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Mastercard Unveils P2P Pilot for Crypto Credential Tool

Mastercard has introduced what it calls a “milestone” update to its Crypto Credential tool.

For the first time, the company announced Wednesday (May 29) crypto exchange users can send and receive crypto with their Crypto Credential aliases, rather than relying on “the typically long and complex blockchain addresses.”

These peer-to-peer (P2P) payments mark the first real-world application of the Mastercard Crypto Credential vision, which debuted last year, and represents “the potential to further expand and support the domestic and cross-border remittance market,” the company said.

According to the release, the setup works by first verifying a user under the set of Mastercard Crypto Credential standards. 

From there, the user obtains an alias to send and receive funds, with Mastercard Crypto Credential verifying that the recipient’s alias when they begin a transfer, while also determining that the recipient’s wallet supports the digital asset and associated blockchain. 

“If the receiving wallet does not support the asset or blockchain, the sender is notified and the transaction does not proceed, protecting all parties from the potential loss of funds,” Mastercard added. 

The company introduced the Crypto Credential last April, saying it was designed to ensure that financial institutions, governments, brands and crypto organizations are meeting defined standards for the types of activities they would like to pursue in Web3 environments.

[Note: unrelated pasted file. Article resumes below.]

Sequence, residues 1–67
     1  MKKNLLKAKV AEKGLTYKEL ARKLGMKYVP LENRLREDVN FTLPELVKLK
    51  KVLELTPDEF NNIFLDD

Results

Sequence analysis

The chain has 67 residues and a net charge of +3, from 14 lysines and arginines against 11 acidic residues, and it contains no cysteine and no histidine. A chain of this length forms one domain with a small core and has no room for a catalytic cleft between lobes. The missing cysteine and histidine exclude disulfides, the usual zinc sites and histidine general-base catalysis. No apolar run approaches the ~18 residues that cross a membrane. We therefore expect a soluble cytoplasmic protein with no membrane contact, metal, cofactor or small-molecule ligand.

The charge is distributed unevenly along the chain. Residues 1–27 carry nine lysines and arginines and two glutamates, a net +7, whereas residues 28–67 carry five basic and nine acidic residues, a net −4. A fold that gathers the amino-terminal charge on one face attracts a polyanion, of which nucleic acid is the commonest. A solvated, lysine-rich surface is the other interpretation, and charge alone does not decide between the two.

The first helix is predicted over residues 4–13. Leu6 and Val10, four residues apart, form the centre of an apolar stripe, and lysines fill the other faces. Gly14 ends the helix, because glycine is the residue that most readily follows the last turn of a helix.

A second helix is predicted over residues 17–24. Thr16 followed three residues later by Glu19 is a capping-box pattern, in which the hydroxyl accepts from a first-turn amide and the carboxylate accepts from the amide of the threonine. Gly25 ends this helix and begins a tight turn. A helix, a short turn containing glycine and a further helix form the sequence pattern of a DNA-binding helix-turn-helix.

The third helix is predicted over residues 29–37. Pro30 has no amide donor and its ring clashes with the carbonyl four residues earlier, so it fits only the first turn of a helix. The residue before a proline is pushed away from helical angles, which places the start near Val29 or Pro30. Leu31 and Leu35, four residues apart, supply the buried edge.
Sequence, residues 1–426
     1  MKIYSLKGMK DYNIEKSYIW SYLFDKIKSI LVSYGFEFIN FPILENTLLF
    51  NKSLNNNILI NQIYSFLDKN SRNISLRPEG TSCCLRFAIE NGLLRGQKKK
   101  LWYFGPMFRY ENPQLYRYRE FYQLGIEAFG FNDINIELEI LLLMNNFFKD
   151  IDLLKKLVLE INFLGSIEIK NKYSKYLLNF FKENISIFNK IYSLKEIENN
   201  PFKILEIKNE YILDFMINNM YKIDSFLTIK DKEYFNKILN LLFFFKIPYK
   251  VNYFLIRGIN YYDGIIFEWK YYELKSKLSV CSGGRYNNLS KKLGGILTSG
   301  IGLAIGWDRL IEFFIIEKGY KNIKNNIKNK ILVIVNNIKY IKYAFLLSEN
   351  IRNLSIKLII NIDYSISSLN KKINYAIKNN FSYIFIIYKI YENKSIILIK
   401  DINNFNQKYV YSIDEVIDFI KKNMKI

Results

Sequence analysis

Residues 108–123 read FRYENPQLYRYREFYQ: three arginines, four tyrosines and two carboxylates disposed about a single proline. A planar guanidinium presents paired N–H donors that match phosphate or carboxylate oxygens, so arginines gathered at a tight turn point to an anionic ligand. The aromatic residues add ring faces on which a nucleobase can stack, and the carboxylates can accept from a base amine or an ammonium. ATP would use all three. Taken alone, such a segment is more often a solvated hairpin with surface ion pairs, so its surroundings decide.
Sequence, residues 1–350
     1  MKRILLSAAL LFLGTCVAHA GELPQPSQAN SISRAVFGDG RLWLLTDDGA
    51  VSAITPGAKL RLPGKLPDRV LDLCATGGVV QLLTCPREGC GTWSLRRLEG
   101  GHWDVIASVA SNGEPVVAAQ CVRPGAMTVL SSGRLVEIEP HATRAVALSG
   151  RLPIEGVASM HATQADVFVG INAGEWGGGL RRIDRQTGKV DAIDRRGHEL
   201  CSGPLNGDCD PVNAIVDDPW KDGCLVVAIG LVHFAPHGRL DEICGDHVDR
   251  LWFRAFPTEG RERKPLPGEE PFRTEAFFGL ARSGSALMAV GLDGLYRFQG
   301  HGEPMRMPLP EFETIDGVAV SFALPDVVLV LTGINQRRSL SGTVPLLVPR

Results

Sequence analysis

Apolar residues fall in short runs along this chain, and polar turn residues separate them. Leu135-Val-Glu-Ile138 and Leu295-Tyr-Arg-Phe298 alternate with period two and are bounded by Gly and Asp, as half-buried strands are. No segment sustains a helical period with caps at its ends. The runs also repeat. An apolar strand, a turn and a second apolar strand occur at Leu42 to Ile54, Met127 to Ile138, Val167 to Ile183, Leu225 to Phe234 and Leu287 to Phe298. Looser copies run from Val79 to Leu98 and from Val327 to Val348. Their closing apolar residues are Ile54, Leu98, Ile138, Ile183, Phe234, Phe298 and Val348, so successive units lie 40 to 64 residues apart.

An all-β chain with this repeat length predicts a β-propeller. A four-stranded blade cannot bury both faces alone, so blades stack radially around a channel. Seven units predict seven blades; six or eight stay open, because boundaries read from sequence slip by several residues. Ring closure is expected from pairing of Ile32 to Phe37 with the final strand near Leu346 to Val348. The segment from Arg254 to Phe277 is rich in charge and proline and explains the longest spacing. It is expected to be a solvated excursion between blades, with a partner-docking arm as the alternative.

“Setting up and scaling trusted ecosystems to enable commerce is not new to Mastercard,” Raj Dhamodharan, executive vice president of digital asset and blockchain products and partnerships at Mastercard, said in a blog post.

“We’ve done this for years in payments — pioneering innovation in identity verification and global standards. We look forward to bringing decades of experience to this space to enhance trust and work with the broader industry and governments to enable further innovation.”

Meanwhile, PYMNTS wrote recently about the demand for P2P payments among consumers, finding that FinTechs — while making progress on this front —  still show room for improvement.

In “FinTechs’ Instant Payment Mismatch,” a collaboration with Ingo Payments, PYMNTS Intelligence found that 47% of FinTechs enabled consumers to send P2P transfers while 41% allowed them to receive these transfers. This represented increases of 10 percentage points for sending and 9 percentage points for receiving between the third quarter of 2022 and the second quarter of last year.

“This progression is great news for FinTechs because data shows P2P transfers rank as the number one service consumers expect when using a FinTech provider,” PYMNTS wrote. “However, the report … also found that FinTechs would benefit by better aligning their services to the needs of their customers.”